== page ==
Character Art & PBR In Less Than an Hour

12-Step Workflow for Developers, Students and/or Non-Character Artists — Mobile Class Optimization

Angel Muniz
Sep 13, 2018 · 8 min read

One thing worse than not having what you need to really ramp up your game; overspending. Especially when resources are scarce. This can make or break.

“Jack Vigilante” — Character I created @ 10–25k Poly-count, 1-2k Texture LODs, Substance Render

Imagine you have finally received funding about one year after starting your studio. It is just enough to hire a small team to get you to the next round or 2nd Tier. There’s just two issues, art is expensive and there’s not a lot of time before you meet with investors. So you scramble and risk more.

Currently, I do consultation in my spare time. This started because I had extraordinary people mentoring me while in school, between class and after. It inspired me to pay it forward and become a mentor. Then… the bills arrived. I was still applying for full-time jobs while working on props remotely. My portfolio was (and to some degree, still is) a steaming pile of burning tractor tires. I had no industry experience save for my internship and volunteer job. I had to churn out good stuff quickly. This was easier said than done. So, I decided get creative in how I utilized my limited resources.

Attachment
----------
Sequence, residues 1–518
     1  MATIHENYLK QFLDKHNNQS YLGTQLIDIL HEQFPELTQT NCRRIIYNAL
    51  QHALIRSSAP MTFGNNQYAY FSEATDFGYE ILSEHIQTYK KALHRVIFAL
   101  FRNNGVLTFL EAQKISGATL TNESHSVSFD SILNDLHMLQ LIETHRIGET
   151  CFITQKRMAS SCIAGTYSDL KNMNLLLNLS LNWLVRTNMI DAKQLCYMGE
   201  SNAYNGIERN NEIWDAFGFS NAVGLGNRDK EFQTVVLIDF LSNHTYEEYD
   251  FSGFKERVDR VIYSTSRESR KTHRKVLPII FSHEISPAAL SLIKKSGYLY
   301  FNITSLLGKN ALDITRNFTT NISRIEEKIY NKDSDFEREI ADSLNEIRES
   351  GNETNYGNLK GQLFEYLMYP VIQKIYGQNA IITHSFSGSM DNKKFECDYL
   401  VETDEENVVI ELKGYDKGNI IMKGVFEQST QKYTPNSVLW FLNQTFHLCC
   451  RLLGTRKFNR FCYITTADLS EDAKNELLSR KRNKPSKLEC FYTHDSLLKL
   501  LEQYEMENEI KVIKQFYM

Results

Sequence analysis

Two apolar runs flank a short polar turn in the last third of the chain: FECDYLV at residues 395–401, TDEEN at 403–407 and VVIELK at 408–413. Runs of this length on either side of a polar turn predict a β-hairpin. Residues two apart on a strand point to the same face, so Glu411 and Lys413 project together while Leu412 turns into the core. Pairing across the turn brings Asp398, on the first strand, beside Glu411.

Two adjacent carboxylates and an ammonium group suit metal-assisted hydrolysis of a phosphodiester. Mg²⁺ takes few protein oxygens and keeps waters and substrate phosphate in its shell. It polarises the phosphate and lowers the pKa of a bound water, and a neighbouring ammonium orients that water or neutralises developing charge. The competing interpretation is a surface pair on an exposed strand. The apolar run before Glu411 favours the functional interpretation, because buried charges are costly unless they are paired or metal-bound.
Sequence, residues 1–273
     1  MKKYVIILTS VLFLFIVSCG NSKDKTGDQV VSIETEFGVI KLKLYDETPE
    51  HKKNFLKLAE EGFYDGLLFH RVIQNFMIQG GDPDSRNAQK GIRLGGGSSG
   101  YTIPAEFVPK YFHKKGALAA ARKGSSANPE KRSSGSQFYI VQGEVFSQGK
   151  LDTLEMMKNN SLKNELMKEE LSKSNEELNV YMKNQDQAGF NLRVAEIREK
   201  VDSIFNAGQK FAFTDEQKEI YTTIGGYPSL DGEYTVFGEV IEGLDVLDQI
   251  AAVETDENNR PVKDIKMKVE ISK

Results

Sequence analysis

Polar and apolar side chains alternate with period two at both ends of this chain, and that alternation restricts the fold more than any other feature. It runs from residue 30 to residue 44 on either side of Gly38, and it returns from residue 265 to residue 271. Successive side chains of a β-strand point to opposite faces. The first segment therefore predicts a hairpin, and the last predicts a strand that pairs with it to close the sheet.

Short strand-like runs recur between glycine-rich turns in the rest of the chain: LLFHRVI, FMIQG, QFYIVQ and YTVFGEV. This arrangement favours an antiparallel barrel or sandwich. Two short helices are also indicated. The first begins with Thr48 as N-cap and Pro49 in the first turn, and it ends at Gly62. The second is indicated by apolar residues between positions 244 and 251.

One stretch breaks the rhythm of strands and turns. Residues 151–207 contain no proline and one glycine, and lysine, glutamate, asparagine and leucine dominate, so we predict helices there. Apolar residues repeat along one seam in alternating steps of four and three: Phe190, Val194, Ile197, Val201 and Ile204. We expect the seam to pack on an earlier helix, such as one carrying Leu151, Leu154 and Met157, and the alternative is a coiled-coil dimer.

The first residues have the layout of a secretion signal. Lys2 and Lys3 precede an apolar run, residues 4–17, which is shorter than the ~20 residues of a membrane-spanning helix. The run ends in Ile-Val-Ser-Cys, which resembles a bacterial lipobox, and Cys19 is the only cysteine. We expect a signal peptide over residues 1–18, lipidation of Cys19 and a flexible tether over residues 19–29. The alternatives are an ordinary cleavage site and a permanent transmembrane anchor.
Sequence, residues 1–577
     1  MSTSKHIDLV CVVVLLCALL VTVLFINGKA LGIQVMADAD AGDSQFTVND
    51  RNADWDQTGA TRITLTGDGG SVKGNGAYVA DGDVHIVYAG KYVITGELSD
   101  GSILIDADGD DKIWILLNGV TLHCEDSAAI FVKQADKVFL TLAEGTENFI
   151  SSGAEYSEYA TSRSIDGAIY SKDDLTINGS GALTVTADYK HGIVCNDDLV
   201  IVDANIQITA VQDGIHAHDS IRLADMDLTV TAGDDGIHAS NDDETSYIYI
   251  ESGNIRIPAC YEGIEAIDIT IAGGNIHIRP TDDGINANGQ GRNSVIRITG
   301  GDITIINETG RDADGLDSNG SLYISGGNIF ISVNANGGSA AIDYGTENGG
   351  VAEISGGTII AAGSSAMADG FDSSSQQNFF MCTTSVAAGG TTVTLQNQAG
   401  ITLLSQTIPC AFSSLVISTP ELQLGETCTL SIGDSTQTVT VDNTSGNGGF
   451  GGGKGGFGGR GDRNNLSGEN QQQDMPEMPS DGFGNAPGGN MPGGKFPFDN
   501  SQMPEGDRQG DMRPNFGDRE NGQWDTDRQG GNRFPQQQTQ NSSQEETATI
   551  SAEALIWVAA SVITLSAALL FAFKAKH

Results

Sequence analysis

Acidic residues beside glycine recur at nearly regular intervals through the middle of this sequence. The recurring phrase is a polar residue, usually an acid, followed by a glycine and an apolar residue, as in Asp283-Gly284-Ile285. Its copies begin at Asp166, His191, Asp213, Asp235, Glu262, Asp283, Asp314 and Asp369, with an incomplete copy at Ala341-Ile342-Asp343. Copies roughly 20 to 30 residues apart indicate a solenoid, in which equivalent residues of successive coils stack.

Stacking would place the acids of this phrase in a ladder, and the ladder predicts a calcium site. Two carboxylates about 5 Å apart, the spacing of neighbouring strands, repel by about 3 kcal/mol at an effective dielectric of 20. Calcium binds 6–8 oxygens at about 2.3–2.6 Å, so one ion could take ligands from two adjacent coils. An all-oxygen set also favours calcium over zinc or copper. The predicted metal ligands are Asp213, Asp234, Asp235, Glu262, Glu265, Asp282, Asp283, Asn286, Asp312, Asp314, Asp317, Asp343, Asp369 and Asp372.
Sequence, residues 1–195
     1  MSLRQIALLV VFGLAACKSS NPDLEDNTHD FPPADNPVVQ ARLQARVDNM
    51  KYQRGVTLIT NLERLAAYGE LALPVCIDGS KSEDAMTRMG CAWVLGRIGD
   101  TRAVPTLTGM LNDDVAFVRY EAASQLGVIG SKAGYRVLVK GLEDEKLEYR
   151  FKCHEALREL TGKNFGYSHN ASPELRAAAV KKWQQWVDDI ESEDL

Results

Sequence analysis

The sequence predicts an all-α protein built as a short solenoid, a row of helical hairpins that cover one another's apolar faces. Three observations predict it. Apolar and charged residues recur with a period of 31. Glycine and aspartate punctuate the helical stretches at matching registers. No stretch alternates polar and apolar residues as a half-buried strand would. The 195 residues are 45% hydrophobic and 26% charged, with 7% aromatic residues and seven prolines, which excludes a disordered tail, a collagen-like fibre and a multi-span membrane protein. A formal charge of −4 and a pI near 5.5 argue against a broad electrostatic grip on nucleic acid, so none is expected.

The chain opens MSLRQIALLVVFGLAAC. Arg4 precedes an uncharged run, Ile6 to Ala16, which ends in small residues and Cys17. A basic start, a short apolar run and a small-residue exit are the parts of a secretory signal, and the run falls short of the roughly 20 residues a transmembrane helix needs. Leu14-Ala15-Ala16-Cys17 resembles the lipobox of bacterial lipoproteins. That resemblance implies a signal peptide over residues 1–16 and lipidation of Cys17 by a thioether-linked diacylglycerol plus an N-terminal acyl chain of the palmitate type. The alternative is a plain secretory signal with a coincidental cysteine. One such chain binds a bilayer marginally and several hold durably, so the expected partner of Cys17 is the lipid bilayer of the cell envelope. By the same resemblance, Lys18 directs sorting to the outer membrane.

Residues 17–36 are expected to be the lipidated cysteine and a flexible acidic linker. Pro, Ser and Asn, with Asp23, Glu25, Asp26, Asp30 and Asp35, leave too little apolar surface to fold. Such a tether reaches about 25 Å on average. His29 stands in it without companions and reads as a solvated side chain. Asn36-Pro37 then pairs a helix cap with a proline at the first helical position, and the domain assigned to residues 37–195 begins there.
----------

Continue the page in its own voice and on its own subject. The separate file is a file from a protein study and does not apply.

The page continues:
“Jack Vigilante” Front & Back Renders. Created by Adobe Fuse, 3DS Max and Substance Painter. Max: Reduced poly, adjusted UV layout, added material ID’s.

For start-ups, calculating burn rate and runway with a team full of developers, doesn’t always include knowing what to spend on game art. The solutions often considered: store assets, students or interns.